A Cosmic Panorama
Have you ever stood on the top floor of a tall building overlooking a vast city in front of you? You probably thought, “Wow, I should take a picture of this!” only to be disappointed when your camera can’t fit the scene into the image. Now, imagine your camera’s field of view is about the size of a grain of sand—at arms length. Hubble’s cameras have a field of view roughly equivalent to half of that. To get around that you might use the panorama feature on your smartphone’s camera app to stitch together several photos into one. Behind the scenes, Hubble’s cameras are often used the same way, taking many images that are made into a mosaic to capture wide views of the cosmos. In fact, many of the most famous Hubble images are mosaics! Below, you can see the four pointings that were stitched into the final mosaic images of the Lagoon Nebula.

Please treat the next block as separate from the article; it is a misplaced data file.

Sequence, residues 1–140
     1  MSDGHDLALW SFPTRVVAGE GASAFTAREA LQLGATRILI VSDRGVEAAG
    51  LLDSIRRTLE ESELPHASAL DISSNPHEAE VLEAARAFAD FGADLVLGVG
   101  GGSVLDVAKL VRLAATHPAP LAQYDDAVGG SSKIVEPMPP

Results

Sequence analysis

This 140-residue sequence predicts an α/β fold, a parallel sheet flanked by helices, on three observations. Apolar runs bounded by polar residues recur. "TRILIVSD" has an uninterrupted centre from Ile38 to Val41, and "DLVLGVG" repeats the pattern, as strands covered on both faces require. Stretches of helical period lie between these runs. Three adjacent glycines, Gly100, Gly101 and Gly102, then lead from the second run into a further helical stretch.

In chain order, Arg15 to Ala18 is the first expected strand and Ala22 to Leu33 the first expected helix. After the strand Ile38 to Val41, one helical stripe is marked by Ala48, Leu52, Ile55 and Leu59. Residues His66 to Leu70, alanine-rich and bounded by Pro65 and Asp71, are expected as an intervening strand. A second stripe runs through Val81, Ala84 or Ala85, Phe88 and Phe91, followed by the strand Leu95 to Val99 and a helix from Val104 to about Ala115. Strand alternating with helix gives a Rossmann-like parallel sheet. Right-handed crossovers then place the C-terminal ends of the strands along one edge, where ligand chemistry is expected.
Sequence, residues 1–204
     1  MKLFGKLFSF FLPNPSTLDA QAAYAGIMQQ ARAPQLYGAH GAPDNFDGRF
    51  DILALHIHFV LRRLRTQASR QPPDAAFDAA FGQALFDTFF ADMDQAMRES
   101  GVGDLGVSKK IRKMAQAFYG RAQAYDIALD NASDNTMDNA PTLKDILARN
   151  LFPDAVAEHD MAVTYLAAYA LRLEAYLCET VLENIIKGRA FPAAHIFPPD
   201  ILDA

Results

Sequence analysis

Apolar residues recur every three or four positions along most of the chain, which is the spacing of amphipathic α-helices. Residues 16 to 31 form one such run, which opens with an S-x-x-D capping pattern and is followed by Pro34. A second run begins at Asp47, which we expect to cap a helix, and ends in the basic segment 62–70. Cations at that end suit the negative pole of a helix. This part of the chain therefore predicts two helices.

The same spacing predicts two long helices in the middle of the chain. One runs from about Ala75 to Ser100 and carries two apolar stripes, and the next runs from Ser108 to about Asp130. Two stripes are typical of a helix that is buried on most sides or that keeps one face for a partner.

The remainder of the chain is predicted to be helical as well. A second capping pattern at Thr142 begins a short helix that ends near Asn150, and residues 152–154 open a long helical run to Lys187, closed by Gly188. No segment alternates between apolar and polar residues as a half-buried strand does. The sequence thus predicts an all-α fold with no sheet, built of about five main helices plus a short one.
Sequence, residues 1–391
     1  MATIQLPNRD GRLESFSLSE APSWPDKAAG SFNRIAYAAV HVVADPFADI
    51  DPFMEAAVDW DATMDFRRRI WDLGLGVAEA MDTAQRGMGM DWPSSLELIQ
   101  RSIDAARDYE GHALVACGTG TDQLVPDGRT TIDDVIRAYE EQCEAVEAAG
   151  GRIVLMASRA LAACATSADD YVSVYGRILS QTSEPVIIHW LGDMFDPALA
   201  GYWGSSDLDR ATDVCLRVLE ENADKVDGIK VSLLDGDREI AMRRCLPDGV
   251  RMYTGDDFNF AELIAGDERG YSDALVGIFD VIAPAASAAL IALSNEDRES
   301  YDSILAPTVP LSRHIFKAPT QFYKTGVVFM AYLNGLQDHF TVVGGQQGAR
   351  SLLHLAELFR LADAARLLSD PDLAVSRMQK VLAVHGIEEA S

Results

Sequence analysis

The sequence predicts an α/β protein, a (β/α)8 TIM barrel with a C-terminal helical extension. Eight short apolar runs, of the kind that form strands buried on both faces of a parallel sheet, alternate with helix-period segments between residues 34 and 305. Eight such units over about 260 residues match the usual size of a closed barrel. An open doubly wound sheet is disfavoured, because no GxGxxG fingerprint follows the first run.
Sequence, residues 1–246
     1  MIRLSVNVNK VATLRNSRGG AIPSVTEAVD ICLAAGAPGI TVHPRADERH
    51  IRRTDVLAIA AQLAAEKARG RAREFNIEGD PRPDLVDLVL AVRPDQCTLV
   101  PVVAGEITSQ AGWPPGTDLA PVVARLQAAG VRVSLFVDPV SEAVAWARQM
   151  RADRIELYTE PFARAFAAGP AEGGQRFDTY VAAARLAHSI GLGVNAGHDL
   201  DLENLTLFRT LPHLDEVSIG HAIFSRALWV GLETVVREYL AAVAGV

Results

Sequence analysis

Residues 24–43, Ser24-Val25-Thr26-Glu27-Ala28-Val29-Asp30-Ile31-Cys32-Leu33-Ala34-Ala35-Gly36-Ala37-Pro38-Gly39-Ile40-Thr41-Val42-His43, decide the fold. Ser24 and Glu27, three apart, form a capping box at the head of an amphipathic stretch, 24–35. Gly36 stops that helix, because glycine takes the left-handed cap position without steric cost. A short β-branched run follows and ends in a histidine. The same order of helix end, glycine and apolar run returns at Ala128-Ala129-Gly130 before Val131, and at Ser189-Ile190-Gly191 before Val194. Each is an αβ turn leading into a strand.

PanSTARRS image of the Lagoon Nebula with the WFC3/UVIS and WFC3/IR image footprints overlaid.
Pieces of a Puzzle
With how easily our phones’ computers can stitch up these images, we often take the nuances of the stitching process for granted. The curious ...